Talking Teaching

November 10, 2014

a surprising misconception

I spent much of the weekend marking first-year biology exam papers. It was a lovely weekend & I really didn’t want to miss all the nice weather, so I ended up finishing the task well after midnight last night. And in the process I identified evidence of what is, on the surface, a really puzzling misconception, one that relates to the effects of X-chromosome inactivation.

Now, we’d spent quite a while in class discussing X-chromosome inactivation in female mammals: why it happens, how it happens, & its phenotypic effects (anhydrotic ectodermal dysplasia, anyone?). One of the images I used in this discussion was of Venus, a tortoiseshell cat with an extremely unusual colour pattern:

This image comes from the NBC News site, but Venus is a very famous purrball who even has her own Facebook page, and I’ve blogged about her previously. She’s either a chimera, or we’re seeing a most unusual (but not unique) example of the typical X-inactivation tortoiseshell coat pattern. Anyway, I used a similar image of Venus and asked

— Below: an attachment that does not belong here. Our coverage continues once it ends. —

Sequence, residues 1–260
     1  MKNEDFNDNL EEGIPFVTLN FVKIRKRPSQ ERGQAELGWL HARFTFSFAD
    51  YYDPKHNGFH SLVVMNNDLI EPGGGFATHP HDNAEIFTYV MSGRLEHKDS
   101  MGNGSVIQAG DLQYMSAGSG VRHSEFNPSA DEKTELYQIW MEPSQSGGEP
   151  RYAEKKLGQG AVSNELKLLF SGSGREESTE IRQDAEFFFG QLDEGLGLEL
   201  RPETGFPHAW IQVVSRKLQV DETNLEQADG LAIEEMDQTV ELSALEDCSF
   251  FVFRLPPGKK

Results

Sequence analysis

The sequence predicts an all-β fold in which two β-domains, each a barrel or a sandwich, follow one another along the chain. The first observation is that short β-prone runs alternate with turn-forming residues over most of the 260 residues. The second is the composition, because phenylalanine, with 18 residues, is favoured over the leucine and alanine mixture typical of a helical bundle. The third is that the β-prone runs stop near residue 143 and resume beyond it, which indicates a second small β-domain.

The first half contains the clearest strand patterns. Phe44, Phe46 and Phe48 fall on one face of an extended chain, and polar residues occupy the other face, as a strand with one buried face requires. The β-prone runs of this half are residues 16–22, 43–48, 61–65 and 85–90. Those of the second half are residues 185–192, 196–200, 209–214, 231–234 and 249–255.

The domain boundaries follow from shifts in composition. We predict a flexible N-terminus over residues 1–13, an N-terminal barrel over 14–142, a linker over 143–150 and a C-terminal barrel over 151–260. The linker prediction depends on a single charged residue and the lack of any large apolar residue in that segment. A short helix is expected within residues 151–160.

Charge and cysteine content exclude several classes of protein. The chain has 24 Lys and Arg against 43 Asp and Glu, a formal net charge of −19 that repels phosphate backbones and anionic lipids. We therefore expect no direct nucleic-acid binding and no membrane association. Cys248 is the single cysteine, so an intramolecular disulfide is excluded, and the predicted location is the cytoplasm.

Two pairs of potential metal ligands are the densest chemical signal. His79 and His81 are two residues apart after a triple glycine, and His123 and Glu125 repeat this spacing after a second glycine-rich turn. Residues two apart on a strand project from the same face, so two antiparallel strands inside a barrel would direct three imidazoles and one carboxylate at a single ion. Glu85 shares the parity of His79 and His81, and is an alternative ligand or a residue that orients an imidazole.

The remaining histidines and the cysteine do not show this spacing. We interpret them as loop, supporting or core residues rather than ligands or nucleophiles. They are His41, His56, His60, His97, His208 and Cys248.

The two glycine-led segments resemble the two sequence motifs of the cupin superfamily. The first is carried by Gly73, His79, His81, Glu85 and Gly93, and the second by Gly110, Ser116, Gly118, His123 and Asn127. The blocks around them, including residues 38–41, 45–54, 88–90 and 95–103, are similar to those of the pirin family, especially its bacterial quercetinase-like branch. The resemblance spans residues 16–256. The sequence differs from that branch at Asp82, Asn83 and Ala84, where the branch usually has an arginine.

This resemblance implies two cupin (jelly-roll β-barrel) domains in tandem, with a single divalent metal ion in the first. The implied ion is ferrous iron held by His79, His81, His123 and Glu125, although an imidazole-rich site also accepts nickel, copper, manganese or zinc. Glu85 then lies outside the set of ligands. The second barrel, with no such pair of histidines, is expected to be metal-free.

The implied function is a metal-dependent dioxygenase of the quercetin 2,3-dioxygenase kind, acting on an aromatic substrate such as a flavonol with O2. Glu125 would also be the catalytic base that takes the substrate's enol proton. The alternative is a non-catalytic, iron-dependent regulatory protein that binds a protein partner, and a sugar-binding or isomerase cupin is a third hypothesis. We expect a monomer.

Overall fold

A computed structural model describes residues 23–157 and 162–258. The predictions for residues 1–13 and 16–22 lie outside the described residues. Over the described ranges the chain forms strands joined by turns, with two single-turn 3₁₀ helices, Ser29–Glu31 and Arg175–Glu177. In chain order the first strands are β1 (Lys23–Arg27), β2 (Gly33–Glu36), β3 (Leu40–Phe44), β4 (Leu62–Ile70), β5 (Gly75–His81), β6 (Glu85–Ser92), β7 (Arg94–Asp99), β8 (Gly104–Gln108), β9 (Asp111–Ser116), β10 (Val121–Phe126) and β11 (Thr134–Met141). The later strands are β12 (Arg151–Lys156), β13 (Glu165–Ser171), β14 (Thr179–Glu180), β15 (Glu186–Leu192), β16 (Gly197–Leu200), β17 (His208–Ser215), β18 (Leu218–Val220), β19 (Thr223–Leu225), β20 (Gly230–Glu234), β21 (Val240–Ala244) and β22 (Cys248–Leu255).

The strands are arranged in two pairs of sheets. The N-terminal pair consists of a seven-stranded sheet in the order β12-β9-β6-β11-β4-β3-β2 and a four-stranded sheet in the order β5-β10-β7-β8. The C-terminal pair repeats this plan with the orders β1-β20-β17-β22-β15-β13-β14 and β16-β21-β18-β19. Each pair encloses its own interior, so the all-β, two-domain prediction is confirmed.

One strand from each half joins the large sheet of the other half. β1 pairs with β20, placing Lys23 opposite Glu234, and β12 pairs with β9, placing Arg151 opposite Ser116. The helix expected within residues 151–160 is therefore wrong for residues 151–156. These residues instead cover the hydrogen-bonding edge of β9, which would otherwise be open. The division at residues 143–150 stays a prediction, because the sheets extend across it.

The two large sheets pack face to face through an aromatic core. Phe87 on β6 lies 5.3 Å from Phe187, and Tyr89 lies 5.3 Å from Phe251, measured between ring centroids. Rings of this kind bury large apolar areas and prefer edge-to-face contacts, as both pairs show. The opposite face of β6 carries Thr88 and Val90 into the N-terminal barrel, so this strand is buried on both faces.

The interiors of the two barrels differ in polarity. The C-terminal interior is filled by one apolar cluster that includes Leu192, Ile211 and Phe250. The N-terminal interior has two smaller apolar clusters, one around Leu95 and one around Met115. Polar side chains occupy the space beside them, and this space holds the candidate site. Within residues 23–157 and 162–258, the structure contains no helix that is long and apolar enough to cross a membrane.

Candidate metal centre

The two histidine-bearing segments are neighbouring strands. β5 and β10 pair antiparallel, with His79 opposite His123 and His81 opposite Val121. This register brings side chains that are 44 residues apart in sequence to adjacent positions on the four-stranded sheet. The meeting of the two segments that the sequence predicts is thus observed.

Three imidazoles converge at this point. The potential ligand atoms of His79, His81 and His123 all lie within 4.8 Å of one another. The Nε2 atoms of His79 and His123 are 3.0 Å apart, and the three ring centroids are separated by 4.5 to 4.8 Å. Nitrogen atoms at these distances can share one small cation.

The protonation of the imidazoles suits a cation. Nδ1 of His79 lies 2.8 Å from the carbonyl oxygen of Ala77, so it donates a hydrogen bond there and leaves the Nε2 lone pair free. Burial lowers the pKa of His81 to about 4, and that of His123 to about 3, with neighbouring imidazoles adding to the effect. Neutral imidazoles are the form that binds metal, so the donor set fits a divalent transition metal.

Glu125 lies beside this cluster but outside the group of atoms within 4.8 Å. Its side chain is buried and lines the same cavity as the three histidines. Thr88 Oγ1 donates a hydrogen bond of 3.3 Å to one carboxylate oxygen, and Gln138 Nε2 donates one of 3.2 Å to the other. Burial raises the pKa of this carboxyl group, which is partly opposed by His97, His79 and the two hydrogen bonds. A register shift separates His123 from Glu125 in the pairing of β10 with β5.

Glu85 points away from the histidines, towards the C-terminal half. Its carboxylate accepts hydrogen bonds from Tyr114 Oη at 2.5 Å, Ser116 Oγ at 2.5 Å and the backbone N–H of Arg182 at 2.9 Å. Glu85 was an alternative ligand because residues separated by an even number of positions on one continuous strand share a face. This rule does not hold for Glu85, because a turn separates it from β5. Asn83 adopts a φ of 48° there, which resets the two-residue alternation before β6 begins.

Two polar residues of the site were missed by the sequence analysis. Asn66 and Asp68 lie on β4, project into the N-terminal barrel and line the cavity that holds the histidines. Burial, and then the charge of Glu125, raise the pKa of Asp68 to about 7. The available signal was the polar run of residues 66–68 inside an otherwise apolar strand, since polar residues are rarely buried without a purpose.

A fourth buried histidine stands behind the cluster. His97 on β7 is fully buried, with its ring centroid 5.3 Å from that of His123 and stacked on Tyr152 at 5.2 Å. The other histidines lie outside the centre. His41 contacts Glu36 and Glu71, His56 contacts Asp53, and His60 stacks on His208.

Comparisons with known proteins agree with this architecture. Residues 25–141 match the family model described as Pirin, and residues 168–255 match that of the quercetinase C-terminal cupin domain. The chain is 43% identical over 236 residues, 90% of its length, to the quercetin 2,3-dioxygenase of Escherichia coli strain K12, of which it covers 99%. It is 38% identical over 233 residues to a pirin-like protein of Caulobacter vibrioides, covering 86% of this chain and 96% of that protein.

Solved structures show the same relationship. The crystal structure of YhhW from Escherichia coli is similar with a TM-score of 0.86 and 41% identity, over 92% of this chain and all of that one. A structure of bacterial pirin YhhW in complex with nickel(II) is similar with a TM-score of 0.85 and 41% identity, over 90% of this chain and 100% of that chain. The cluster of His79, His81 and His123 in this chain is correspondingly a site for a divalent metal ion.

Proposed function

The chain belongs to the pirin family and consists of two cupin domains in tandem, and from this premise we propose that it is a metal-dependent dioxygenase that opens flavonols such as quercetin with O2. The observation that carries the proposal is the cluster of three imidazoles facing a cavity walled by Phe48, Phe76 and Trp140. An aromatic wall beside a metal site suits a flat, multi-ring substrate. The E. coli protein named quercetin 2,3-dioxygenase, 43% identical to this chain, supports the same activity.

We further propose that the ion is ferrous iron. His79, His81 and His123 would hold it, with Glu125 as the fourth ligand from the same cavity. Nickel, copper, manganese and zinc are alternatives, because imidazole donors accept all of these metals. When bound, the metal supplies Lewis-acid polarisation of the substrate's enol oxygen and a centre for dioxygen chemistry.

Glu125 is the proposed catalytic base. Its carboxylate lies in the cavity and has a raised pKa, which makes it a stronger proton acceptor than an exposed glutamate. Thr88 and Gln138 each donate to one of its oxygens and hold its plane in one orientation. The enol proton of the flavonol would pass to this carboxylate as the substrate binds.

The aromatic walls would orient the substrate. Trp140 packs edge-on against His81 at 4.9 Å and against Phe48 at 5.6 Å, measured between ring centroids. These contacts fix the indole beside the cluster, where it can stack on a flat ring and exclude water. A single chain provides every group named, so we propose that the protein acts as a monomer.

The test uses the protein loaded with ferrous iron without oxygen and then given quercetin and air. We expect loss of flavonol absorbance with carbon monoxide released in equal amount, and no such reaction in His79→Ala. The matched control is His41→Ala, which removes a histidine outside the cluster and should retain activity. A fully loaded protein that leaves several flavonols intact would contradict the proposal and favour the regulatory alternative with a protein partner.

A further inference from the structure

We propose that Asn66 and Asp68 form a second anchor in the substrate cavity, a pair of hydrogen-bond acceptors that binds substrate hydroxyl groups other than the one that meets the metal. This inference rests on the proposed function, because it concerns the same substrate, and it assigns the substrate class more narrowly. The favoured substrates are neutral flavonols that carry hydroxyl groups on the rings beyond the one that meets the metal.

What is the most likely explanation for the colour pattern shown in the coat of this female cat?

And about 90% of the class answered, “co-dominance”. Which really made me stop & think.

Why? Because it suggests that, while I’m sure they could quote me chapter and verse regarding a definition of co-dominance, they haven’t really thought any further about what that means in phenotypic terms. For if codominance were in play here, with both alleles for coat colour being expressed in each cell where the gene’s active, then we shouldn’t see that clear definition of the two halves of the cat’s face. Instead, both should be a fleckled mix (is ‘fleckled’ a word? Yes, it is; Shakespeare for the win once more) of black & golden hairs (rather like roan coats in cattle & horses).

And this gives me pause – & cause – for thought, because this isn’t a mix-up that I’d have even considered before. Is ‘codominance’ their shorthand for one gene, or the other, being expressed (due to X-inactivation)? Or do they really think that’s how codominance works? If so, it does suggest that a) I didn’t really explain codominance (or X-inactivation) all that well this year, & b) I need to review what I do before teaching that particular session again.